Covering Elections and
Endorsing Candidates in
Small Communities
Institute for Rural Journalism and Community Issues
Unive...
Politics in small towns
•
•
•
•

Try to be friends with all factions
Personality features can help
Don’t be defensive, or ...
Politics in small towns
•
•
•
•

Don’t treat it clinically
Cover it like you’re at the Capitol
Pull back the official curt...
Politics in small towns
• Write about the personalities and their
personal connections
To endorse or not?
• 90 percent of dailies do; most
weeklies don’t
• Generally, the smaller the paper, the
less likely it ...
To endorse or not?
• 90 percent of dailies do; most
weeklies don’t
• Generally, the smaller the paper, the
less likely it ...
To endorse or not?
• Endorsements are most effective in
local, nonpartisan elections when the
candidates are unfamiliar, t...
To endorse or not?
Arguments for:
•The newspaper knows the people and
the issues, or it should
•It is in a unique position...
To endorse or not?
Arguments against:
•May cast a shadow on news coverage
•People already know the candidates
•Folks at th...
To endorse or not?
• The News-Enterprise example
The candidate the
paper endorsed
for county judgeexecutive, the
county’s chief
administrative
office, won the
election. He...
Editor Warren
Wheat also began
the practice of
having two
members from the
community to serve
rotating terms on
the editor...
To endorse or not?
• Columns can provide an alternative,
short of endorsement
• Editorials can analyze and offer
perspecti...
Al Cross, The pressures of covering elections and endorsing candidates
Al Cross, The pressures of covering elections and endorsing candidates
Al Cross, The pressures of covering elections and endorsing candidates
Al Cross, The pressures of covering elections and endorsing candidates
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Al Cross, The pressures of covering elections and endorsing candidates

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Al Cross, director of the Institute for Rural Journalism and Community Issues, spoke about the pressures of covering elections and endorsing candidates in small communities at RJI's "Down-home Democracy: Empowering Citizens With Outstanding Coverage of Local Elections" on Friday, Jan. 31, 2014.

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Al Cross, The pressures of covering elections and endorsing candidates

  1. 1. Covering Elections and Endorsing Candidates in Small Communities Institute for Rural Journalism and Community Issues University of Kentucky School of Journalism www.RuralJournalism.org Al Cross, Director and Associate Professor Down-Home Democracy Workshop Reynolds Journalism Institute University of Missouri January 31, 2014
  2. 2. Politics in small towns • • • • Try to be friends with all factions Personality features can help Don’t be defensive, or pugnacious Look for chances to make connections and show understanding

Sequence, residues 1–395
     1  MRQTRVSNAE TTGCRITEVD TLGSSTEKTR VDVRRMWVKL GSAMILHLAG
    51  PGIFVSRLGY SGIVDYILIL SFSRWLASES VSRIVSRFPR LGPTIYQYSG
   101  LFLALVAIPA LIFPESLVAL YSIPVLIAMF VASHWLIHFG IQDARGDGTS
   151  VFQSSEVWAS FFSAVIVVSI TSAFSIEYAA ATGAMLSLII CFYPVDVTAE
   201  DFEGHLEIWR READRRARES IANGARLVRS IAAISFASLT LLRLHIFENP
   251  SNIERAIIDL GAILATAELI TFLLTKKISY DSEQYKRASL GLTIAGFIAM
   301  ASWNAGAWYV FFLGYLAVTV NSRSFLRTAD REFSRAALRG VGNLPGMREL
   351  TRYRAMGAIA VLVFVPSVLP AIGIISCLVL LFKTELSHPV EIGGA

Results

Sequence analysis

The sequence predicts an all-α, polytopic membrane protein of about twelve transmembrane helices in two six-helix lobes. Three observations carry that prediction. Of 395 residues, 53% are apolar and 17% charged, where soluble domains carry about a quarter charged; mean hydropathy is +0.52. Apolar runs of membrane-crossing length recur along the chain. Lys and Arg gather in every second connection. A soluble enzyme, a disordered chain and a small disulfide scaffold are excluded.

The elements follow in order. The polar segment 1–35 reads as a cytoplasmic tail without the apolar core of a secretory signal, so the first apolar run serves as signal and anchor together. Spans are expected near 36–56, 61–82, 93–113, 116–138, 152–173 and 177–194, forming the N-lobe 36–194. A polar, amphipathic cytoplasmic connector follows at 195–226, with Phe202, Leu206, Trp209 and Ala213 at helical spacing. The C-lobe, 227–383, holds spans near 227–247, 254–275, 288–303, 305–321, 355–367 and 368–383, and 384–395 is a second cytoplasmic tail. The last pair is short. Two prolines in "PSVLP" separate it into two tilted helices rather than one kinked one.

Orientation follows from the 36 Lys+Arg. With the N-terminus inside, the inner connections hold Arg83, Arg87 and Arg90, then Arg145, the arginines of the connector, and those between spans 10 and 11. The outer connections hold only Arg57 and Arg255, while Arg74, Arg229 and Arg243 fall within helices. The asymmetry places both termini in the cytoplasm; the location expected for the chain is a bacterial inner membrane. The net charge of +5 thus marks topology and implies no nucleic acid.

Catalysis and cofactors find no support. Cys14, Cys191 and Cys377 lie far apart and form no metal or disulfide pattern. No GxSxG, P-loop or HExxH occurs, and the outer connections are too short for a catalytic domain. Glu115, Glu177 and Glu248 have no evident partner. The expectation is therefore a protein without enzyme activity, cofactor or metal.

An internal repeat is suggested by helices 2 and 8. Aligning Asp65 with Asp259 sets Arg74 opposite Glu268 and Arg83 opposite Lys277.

3. 3. Politics in small towns • • • • Don’t treat it clinically Cover it like you’re at the Capitol Pull back the official curtain Write about local factions and patronage contacts – often, much power rests with those not in elective office
  4. 4. Politics in small towns • Write about the personalities and their personal connections
  5. 5. To endorse or not? • 90 percent of dailies do; most weeklies don’t • Generally, the smaller the paper, the less likely it is to endorse
  6. 6. To endorse or not? • 90 percent of dailies do; most weeklies don’t • Generally, the smaller the paper, the less likely it is to endorse • Reasons include risk, resources and relationships • Some races are too close for comfort • But that’s where you can have impact
  7. 7. To endorse or not? • Endorsements are most effective in local, nonpartisan elections when the candidates are unfamiliar, the ballot is long and complicated, or voters have received conflicting information or have conflicting loyalties. Other research suggests endorsements have more effect on referenda, and more in primary rather than general elections. (K.F. Rystrom, 1986, 1994)
  8. 8. To endorse or not? Arguments for: •The newspaper knows the people and the issues, or it should •It is in a unique position to inform and advance debate •Editorials can separate the wheat from the chaff in a stronger way than news stories
  9. 9. To endorse or not? Arguments against: •May cast a shadow on news coverage •People already know the candidates •Folks at the newspaper sure do: “In a smaller town, you often run into all the players at least weekly at church, Rotary, or on the street.” •But what’s “a smaller town”? In a nearby county of the same size . . .
  10. 10. To endorse or not? • The News-Enterprise example
  11. 11. The candidate the paper endorsed for county judgeexecutive, the county’s chief administrative office, won the election. He was the first Republican ever elected to that office in the county.
  12. 12. Editor Warren Wheat also began the practice of having two members from the community to serve rotating terms on the editorial board, to provide broader perspective.
  13. 13. To endorse or not? • Columns can provide an alternative, short of endorsement • Editorials can analyze and offer perspective short of endorsement • Play it straight, don’t get cute, and be self-aware • Whatever you do, make sure you have some sort of editorial voice

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